First published back in December of 1986, pulp horror veteran Guy N Smith’s novel ‘Cannibals’ was the author’s second title to be published by Arrow.

DLS Synopsis:
Invercurie was more of a hamlet than a village.  A few scattered stone cottages on the end of a narrow peninsula that jutted out from the Scottish coastline.  A small dusty shop and a forbidding looking church the only other buildings within the out-of-the-way community.  For in Invercurie, you either fished just off the coastline, or ran sheep up on the nearby mountain slopes of Blair Long.

But Doug Geddis had other ideas.  Now in his late fifties he wanted more from the cut-off remote Highland village than just fishing its cold waters.  Much to the disdain of the locals, Geddis started to build wooden chalets on the small stretch of land known as the Beck which his late wife had owned.  Holiday chalets that would resulted in more than just hostility in the village.  The locals demanded he stopped the build immediately.  Ceased erecting the handful of clumsily built wooden chalets.  For they knew what he planned.  But they couldn’t understand how he could do such a thing!  Why would he bring outsiders into Invercurie?

Thirty-five-year-old college lecturer, Eddie Drake, arrived into Invercurie a short while later.  He’d booked one of Geddis’ timber-built chalets for an entire month, after they searched for the most out-of-the-way place they could find on the map.  With his marriage in shatters, he’d run off with one of his students – nineteen-year-old Sarah Bryant.  Now they’d come to the chalets to seek refuge from the pressure of the scandal that their elopement had made.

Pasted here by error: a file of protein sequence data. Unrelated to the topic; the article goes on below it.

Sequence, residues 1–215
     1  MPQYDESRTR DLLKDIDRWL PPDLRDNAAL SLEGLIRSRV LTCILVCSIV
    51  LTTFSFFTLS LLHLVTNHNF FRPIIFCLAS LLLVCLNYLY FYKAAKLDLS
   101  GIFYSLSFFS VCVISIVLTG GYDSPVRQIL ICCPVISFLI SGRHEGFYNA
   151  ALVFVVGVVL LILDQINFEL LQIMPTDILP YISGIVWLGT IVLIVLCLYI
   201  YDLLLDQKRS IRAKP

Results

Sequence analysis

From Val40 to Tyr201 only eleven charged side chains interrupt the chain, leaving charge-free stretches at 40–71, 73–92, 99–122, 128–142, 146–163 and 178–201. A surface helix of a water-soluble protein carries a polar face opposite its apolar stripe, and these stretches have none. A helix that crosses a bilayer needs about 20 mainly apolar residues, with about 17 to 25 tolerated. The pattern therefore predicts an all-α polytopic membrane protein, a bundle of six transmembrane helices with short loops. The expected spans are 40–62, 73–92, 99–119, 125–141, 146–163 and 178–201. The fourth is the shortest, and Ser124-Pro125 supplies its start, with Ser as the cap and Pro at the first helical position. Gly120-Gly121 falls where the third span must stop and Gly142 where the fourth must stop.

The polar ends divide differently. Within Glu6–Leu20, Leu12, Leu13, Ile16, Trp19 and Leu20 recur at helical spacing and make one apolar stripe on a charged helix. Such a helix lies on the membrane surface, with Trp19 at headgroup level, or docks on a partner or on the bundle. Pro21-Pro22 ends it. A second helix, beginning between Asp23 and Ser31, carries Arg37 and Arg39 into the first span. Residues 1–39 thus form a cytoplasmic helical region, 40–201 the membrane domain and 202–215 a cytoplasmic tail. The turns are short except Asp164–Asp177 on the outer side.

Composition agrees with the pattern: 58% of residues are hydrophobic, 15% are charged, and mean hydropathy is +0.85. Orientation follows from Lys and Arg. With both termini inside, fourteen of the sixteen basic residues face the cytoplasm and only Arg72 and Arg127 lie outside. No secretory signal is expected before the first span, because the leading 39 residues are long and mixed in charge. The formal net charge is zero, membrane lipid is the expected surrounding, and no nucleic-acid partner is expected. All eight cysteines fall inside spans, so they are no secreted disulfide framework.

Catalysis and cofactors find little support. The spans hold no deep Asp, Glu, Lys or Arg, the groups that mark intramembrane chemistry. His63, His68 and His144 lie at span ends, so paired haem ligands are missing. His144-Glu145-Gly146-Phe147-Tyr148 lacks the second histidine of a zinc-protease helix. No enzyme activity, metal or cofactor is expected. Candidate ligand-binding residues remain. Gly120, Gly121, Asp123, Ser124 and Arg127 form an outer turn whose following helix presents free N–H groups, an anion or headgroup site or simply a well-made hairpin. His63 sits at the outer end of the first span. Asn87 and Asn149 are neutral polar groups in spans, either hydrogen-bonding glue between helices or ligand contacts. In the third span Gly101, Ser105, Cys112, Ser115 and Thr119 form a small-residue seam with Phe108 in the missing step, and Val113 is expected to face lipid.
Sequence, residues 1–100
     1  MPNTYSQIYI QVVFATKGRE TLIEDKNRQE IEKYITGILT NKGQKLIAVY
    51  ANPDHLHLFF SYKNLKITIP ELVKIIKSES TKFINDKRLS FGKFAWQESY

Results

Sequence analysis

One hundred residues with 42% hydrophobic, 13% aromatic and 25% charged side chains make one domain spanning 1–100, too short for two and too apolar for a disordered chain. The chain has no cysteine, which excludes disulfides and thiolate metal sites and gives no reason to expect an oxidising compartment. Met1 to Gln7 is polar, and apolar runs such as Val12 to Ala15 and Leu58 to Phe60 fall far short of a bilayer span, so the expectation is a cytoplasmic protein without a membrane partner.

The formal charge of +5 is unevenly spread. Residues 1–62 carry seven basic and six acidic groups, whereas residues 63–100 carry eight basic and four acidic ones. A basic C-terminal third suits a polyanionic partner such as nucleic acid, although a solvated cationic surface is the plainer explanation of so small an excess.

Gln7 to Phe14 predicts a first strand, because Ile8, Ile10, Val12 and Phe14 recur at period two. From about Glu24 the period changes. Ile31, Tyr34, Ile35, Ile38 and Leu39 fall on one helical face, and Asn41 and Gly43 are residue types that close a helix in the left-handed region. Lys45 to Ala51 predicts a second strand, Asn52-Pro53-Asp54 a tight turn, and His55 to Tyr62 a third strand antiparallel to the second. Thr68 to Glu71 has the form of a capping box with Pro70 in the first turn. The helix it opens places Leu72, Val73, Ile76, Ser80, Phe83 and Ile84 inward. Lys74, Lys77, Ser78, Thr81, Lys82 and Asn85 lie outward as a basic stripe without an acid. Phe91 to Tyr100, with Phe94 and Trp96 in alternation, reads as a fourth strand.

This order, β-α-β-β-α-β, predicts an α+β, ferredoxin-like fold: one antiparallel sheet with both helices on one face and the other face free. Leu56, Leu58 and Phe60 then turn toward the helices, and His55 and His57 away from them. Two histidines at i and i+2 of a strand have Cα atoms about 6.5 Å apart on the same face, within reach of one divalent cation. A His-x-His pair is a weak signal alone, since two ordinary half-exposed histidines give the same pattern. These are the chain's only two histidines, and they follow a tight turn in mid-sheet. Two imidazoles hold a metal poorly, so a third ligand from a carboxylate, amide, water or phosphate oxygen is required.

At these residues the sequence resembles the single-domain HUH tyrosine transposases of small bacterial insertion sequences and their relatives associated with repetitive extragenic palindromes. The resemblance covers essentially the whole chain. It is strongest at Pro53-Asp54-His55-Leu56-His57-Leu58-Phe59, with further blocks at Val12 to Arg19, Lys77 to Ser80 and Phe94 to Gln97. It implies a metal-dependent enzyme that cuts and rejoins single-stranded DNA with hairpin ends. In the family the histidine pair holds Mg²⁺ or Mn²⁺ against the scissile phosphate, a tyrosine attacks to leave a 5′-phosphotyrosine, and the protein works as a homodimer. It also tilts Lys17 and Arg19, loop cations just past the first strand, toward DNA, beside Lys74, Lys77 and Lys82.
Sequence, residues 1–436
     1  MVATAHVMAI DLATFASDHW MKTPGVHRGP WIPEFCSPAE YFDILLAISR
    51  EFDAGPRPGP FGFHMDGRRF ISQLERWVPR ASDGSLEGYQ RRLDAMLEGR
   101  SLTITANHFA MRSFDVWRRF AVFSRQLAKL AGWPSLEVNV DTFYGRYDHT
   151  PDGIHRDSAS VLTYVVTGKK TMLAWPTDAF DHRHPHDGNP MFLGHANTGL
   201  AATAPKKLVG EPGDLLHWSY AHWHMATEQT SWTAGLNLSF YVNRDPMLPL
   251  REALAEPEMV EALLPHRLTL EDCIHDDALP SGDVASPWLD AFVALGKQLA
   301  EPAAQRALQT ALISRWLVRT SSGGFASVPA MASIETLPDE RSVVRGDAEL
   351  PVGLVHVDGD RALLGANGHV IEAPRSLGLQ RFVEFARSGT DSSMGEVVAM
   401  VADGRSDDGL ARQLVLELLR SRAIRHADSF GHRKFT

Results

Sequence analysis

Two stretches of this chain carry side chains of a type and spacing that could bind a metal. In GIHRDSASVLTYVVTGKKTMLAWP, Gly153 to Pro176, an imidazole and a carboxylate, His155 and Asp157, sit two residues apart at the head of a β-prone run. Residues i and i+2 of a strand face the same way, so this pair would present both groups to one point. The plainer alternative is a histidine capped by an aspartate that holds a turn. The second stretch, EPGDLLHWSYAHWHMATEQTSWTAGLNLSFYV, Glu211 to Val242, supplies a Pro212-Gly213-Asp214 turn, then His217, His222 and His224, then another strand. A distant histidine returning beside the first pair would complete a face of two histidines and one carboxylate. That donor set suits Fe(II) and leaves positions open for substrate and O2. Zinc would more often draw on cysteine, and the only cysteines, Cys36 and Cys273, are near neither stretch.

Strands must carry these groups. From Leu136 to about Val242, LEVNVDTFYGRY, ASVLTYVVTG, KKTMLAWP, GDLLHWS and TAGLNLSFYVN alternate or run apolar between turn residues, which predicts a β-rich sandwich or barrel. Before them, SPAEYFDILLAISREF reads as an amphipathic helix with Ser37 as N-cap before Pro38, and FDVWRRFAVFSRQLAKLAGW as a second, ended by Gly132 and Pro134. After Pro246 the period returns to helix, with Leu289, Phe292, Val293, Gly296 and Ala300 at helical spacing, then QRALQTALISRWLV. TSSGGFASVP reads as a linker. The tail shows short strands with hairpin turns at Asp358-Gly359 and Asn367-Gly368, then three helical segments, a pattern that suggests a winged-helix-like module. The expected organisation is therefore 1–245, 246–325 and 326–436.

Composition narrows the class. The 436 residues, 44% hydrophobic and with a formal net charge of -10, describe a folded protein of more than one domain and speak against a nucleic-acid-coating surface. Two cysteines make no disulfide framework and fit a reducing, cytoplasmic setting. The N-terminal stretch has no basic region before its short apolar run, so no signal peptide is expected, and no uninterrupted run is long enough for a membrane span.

However, upon arriving at the remote coastline spot, they found it devoid of anything other than a nearby beach and the vast mountains of Blair Long, which formed the backdrop for the small village.  Furthermore, when the couple made their way into the village for supplies, they found the locals far from welcoming.  The shopkeeper warned them to leave whilst they still had the chance.  There were things in Invercurie which came out at night.  Of course Drake surmised that the people of Invercurie simply weren’t keen on outsiders coming into their village.  It seemed they’d do whatever they could to scare them off.  Including making up farfetched stories.  Nevertheless, they were here now, and so Drake decided he’d make the most of the time they had.

That night Sarah woke to hear strange noises coming from outside of their chalet.  Grunting and scratching sounds at the timber cabin’s door.  Something was out there.  Something that wanted in.  Despite the close proximity of her lover, it was enough to send cold shivers running down the nineteen-year-olds spine.

The next day, they decided to head off to the mountains of Blair Long with a picnic.  Following an old sheep trail, the couple pushed on up the steep stone-covered track, up the mountain side.  The climb was tough, but the vast scenic views were reward in themselves.  However, as they neared the summit, a series of dank looking caves came into view.  Caves that reeked of such an ungodly foulness.  Caves that made Sarah want to leave the area immediately.

But Drake’s interest was piqued.  The caves looked and smelled like they were still in use.  How could that be so?  Who would use these caves as a habitat – an existence within the highest regions of these precarious mountain slopes?

After a brief look around the impenetrable dark of the first cave, the pair decide to leave; Drake secretly planning to return with a torch so he could investigate the strange caves more thoroughly.